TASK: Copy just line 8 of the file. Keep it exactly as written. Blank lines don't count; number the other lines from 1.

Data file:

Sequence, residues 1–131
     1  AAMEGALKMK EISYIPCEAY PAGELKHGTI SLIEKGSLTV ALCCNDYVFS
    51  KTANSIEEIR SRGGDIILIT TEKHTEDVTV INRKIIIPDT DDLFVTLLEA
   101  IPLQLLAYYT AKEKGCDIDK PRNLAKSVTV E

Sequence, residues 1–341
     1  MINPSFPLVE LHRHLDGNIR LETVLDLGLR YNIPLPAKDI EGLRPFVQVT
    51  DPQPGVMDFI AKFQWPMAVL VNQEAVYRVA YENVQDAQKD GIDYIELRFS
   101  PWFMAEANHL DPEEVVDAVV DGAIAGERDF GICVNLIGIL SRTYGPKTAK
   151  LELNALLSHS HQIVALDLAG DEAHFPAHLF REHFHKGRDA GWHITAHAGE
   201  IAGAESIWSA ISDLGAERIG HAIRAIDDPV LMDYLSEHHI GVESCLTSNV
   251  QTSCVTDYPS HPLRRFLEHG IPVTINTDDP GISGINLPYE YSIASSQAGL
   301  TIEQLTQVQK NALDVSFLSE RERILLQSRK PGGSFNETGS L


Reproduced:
   101  PWFMAEANHL DPEEVVDAVV DGAIAGERDF GICVNLIGIL SRTYGPKTAK